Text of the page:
A thin but deafening azure pierces the forest; a chorus of coral rings dance on the water’s edge; a bed of tangerine rondure bloom in the dew of dawn—light artist Barry Underwood doesn’t simply toss neon lights into the woods and photograph them; he carefully folds the glimmer into the nooks of each unspoiled landscape, convincing them to reveal their mysterious undertones.
To produce his captivating outdoor light installation series Scenes, Underwood carefully planned and assembled each of his displays onsite using a rainbow of LEDs and other luminescent material. Each piece was usually constructed, shot, and disassembled within a day’s time, allowing him to capture the intended temporary lightscape overnight.
But Underwood encourages the viewer to peer beyond the visual artifice. Within each tailored aura, he examines the colliding worlds of industrial production and the natural resources that our commodities are molded from. To support his project with authentic intonation, he researches the particular social and historical impact that each photographed location has on the surrounding ecosystem.
It was in 2007 though during his residency at the Banff Center for the Arts in Canada when he developed a more serious concern for the environment. Banff’s strong environmental awareness program caused Underwood to shift his attention towards such issues as pollution, land use, and climate change. Inspired further by the philosophy of conservationist John Muir, Underwood began to sculpt his installations towards a greater goal.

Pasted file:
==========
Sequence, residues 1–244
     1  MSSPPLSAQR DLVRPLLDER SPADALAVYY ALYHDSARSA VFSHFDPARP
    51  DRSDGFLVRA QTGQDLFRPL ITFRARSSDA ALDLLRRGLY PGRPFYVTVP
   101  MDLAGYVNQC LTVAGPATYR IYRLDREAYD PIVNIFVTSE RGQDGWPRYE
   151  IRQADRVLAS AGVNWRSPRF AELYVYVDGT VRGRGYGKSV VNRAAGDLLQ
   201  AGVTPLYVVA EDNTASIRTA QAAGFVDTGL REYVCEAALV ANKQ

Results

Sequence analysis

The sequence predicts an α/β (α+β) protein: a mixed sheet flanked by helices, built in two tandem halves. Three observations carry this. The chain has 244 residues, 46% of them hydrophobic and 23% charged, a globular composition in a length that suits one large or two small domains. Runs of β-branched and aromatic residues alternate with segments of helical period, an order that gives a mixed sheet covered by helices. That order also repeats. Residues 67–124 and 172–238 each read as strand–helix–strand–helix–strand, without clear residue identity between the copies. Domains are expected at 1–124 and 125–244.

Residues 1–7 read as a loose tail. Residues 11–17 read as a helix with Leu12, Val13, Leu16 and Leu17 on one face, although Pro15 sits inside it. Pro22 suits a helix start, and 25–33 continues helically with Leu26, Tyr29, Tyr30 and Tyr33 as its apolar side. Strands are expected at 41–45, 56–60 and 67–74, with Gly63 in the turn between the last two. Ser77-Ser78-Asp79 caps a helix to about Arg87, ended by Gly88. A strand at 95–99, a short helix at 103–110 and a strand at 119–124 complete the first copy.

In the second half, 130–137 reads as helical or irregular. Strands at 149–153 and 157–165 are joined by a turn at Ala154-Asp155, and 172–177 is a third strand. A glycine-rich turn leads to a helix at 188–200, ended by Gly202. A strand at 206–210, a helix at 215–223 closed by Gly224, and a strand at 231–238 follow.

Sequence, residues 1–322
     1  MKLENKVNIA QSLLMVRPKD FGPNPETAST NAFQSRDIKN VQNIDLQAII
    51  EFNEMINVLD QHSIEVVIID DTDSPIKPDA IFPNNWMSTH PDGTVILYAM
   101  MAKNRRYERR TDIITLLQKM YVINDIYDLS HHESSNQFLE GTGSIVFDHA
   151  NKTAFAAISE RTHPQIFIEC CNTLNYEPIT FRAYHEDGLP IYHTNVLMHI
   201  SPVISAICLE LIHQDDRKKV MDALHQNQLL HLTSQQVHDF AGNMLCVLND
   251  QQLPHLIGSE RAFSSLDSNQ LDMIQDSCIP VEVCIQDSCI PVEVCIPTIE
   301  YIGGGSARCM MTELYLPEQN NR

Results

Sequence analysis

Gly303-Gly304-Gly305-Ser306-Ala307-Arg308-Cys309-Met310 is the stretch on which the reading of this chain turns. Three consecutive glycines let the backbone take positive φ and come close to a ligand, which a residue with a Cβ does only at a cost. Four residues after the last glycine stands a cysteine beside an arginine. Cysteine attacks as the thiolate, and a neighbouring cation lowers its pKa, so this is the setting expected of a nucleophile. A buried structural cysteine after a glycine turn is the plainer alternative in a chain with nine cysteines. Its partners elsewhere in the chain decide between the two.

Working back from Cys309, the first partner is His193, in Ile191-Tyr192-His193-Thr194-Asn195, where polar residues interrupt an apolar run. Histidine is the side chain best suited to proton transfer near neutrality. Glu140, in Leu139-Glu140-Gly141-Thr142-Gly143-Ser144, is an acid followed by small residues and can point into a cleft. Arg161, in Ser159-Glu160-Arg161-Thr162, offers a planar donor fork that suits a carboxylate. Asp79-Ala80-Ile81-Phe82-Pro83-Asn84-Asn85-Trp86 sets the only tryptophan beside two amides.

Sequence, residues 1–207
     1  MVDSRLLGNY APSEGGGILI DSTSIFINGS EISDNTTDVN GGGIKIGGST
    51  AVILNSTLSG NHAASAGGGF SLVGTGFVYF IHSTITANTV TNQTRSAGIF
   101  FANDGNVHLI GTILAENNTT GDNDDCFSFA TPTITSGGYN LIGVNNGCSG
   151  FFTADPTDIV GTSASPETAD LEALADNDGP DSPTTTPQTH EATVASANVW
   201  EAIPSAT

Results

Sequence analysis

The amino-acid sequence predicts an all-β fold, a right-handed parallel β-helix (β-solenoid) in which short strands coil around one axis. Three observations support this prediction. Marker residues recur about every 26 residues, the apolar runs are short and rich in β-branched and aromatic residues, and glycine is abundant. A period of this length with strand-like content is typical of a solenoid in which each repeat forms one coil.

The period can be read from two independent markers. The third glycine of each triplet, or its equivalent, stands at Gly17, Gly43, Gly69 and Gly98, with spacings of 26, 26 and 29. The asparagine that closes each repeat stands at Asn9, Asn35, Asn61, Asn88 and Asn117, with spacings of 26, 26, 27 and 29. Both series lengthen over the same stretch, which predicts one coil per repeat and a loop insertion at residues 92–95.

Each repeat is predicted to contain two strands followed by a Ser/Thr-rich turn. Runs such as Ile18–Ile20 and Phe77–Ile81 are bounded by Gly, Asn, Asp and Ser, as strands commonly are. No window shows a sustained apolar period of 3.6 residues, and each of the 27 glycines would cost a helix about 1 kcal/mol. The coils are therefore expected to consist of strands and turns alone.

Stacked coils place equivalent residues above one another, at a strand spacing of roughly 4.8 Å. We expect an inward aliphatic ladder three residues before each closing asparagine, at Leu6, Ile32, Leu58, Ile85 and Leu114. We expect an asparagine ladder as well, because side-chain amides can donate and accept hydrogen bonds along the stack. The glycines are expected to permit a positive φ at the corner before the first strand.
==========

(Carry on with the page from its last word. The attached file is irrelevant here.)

A subsequent series of artist residencies afforded him the time and space to reflect, research and develop his approach. One of his inspirations came from an artist-in-residence program at the Center for Land Use Interpretation in Utah near the Bonneville Salt Flats, where he became “increasingly aware of the ecological fragility of the salt flats and the desert ecosystem as a whole,” Underwood candidly told GARAKAMI.
Underwood current series Scenes is on display at the Sous Les Etoiles Gallery in NYC until July 12, 2014. His upcoming project titled Attractive Nuisance will further explore the effect of nonrenewable resource extraction on the surrounding ecological systems, with inspiration spanning from Alberta, Canada, to Florida’s Mangroves in Biscayne National Park, to the Louisiana Gulf region. Whether through profound stills of allegorical landscapes or illuminating public art installations, Underwood’s creations highlight the conscious balance necessary to sustain both human innovation and our only support system, nature.
Photos shown here with express written consent by Barry Underwood